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Showing Your Home

You've done your research on the local market and determined your sales price. You've cleaned your home from top to bottom and perhaps even hired a professional cleaning company to do the really gritty jobs. You've taken down the family photos and your collection of ceramic cartoon characters. You've removed all your valuables, from jewelry and fur coats to financial documents and antique silver candelabras. You or your agent has placed the advertisement for your open house in the Sunday real estate section.

Now you're ready for the main event. It's show time!

 

Open House Know-how

Many sellers dread open houses and some do whatever they can to avoid them. No one looks forward to strangers trooping through their home, no matter how much you've prepared yourself for the idea. But real estate professionals say that open houses remain one of the best ways to get the word out that your home is for sale. Though agents say sales are rarely made as a direct result of open houses, open houses create buzz about your home and that can indeed lead to a sale.

Agents often hold at least two open houses for a new listing. One is mid-week and is aimed at other real estate agents. These open houses are extremely useful to sellers since agents will then have an idea whether to steer their buyers toward your house. Then your agent will also hold a general open house - probably on a Sunday afternoon - advertised in the newspaper. (Agents also use these open houses to get their name out to prospective buyers; it's part marketing for your house, and part marketing for your agent.)

In addition, some agents like to have a more low-key "neighborhood" open house on the Saturday before the general Sunday open house. The Saturday "neighborhood" open house serves the purpose of letting the neighbors come through and assuage their curiosity and it keeps them out of the way on Sunday, when presumably more serious house hunters may be touring your home.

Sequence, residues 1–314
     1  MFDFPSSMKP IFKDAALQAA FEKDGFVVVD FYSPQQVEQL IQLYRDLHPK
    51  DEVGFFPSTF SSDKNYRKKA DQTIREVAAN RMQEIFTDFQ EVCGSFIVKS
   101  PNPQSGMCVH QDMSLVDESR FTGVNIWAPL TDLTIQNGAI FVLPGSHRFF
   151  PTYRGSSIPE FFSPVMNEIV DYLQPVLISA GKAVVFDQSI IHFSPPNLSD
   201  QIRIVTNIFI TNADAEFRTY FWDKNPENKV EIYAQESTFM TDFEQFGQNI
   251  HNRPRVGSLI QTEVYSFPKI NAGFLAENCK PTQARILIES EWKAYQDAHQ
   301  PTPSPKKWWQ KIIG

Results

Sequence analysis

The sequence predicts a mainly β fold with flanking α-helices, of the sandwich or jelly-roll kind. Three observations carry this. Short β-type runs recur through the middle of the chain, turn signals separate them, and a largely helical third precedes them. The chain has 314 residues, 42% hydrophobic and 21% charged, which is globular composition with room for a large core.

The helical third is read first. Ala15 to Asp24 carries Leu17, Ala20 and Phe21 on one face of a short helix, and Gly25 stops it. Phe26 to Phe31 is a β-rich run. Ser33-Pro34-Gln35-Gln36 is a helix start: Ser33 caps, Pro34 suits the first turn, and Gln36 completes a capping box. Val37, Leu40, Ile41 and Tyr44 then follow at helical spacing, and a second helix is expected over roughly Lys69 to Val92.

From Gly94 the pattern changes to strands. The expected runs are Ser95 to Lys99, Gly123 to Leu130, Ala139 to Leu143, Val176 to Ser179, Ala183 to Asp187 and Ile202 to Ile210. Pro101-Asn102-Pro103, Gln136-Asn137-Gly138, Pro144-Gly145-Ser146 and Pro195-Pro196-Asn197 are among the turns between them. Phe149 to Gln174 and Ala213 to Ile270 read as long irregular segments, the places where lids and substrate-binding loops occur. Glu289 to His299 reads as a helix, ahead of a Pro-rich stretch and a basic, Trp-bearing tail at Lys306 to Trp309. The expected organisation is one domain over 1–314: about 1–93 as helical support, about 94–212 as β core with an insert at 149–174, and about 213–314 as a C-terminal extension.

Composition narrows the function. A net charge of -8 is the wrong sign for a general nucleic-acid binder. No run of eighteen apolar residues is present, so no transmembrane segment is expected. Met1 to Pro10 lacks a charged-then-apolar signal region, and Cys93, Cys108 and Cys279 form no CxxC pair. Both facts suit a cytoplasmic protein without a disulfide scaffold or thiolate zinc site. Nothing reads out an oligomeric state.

One Seattle agent who admits that open houses only occasionally result directly in sales says he nevertheless firmly believes in holding general open houses. "If I had a client who didn't want an open house or a lock box I would question how motivated that client was," said the agent. "I also sometimes get clients who don't want buyers coming through at certain times of the day, or certain days of the week. But sellers need to be very flexible. The first thing I try to get across when working with a seller is that once the home goes on the market it's not your home anymore. It's a house that's for sale."

 

Lock Box Culture

Lock boxes are another source of annoyance for some sellers. Basically a lock box is a small, locked box attached to the house's front door or somewhere very near the front door. Licensed real estate agents whose firms belong to the local MLS can open lock boxes and remove a key to the house. This means those agents can bring house hunters through the house at times that are convenient to them, probably during the day when you and your family are not at home. The agents will leave a card to let you know they were there with clients. Most local MLS organizations have policies that prohibit agents from bringing house hunters at certain times of the day, such as before 9 a.m. or after 9 p.m., and some lock boxes are programmed simply not to open during those off hours.

But if you think your house is so appealing that you don't need a lock box, consider this: A typical agent working with house hunters may find a dozen homes that his client wants to look at, and 11 of them have lock boxes. Your home doesn't have a lock box and the agent will have to call you or your agent to make special arrangements to see the house. Can you guess the likely outcome? The buyer's agent takes his clients to the 11 homes with lock boxes, at which point everyone is exhausted. Why bother with the "problem" home without the lock box? You get the idea. Accessibility translates into less time on the market.

Seller's Tip:
If you're selling your home yourself you'll have to go out of your way to make it easy for house hunters to tour your home. Without a lock box, you or a friend will have to be at your home to meet agents and their clients. And you must always remember that having you as the seller at the house is, according to most real estate pros, a significant disadvantage. House hunters are less likely to open closets, dawdle in bathrooms, and check out your new basement if you're hanging over their shoulder or watching TV in the living room. And if they don't linger, they won't have a lasting impression of your home. If you absolutely must be at home while potential buyers are there, try to stay busy in the yard or garage. Above all, do not follow them around the house pointing out your remodeling projects or the cute wallpaper you hung in the kids' rooms.

 

 

Next article: Open House Checklist

Previous article: Photographing Your House Checklist

 

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  • Last edited October 18 2007
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